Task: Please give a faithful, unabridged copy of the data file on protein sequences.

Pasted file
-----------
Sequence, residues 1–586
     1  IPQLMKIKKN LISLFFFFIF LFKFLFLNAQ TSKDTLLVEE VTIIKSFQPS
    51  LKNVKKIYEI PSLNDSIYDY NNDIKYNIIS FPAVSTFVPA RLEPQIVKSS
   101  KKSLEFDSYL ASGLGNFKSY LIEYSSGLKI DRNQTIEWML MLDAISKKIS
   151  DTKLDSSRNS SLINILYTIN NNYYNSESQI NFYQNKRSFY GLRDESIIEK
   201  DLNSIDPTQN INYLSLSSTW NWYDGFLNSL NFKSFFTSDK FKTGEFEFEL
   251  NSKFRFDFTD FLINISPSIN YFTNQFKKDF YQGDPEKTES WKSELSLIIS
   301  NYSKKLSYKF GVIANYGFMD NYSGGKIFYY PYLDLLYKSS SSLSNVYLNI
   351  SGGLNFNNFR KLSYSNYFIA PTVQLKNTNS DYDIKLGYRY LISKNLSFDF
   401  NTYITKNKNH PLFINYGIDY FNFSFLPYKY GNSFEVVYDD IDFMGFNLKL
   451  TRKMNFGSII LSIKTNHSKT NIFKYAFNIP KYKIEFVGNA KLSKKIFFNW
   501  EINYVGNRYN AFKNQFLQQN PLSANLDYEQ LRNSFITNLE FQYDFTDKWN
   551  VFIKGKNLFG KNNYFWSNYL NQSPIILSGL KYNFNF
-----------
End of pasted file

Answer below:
Sequence, residues 1–586
     1  IPQLMKIKKN LISLFFFFIF LFKFLFLNAQ TSKDTLLVEE VTIIKSFQPS
    51  LKNVKKIYEI PSLNDSIYDY NNDIKYNIIS FPAVSTFVPA RLEPQIVKSS
   101  KKSLEFDSYL ASGLGNFKSY LIEYSSGLKI DRNQTIEWML MLDAISKKIS
   151  DTKLDSSRNS SLINILYTIN NNYYNSESQI NFYQNKRSFY GLRDESIIEK
   201  DLNSIDPTQN INYLSLSSTW NWYDGFLNSL NFKSFFTSDK FKTGEFEFEL
   251  NSKFRFDFTD FLINISPSIN YFTNQFKKDF YQGDPEKTES WKSELSLIIS
   301  NYSKKLSYKF GVIANYGFMD NYSGGKIFYY PYLDLLYKSS SSLSNVYLNI
   351  SGGLNFNNFR KLSYSNYFIA PTVQLKNTNS DYDIKLGYRY LISKNLSFDF
   401  NTYITKNKNH PLFINYGIDY FNFSFLPYKY GNSFEVVYDD IDFMGFNLKL
   451  TRKMNFGSII LSIKTNHSKT NIFKYAFNIP KYKIEFVGNA KLSKKIFFNW
   501  EINYVGNRYN AFKNQFLQQN PLSANLDYEQ LRNSFITNLE FQYDFTDKWN
   551  VFIKGKNLFG KNNYFWSNYL NQSPIILSGL KYNFNF